The following TMT guidance note Produced in partnership with Pat Treacy and Matthew Hunt of Bristows LLP provides comprehensive and up to date legal information covering:
The Internet of Things (IoT) is a term commonly given to everyday objects (not just traditional computing devices, such as laptops and smartphones) which are connected to the internet and share data with one another.
IoT technology can be applied to objects as diverse as running shoes, buildings, cars, fridge-freezers and drones. Using embedded technology, these objects can communicate and interact over the internet with each other and/or their environment, and they can be remotely monitored and controlled.
This Practice Note provides an introduction to IoT technology and considers the following issues in relation to it:
The technology behind the IoT
Identifying the legal issues
Application programming interfaces (APIs)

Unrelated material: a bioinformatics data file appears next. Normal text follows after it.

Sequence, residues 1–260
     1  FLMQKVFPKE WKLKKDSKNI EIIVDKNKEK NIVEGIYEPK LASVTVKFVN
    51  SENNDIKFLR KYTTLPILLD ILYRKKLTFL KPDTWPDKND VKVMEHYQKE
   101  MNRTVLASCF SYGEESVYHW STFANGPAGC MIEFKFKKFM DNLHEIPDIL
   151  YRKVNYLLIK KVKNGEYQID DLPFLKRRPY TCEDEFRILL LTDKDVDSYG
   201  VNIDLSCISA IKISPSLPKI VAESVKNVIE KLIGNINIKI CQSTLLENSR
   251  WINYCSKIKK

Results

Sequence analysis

Telecommunications and electrical equipment
Intellectual property rights arising in the IoT
Intellectual property rights ownership and licensing issues
Key competition issues arising in connection with the IoT
Liability and fault
The appropriate contracting model
Legal issues of the future
This Practice Note does not consider the data protection, privacy or security issues arising in connection with data collected, transferred or processed by the IoT. These issues are addressed in a separate Practice Note: Internet of things (IoT)—data protection, privacy and security.
There is no single accepted definition of the IoT, but, put simply, the IoT can be described as a system of devices that
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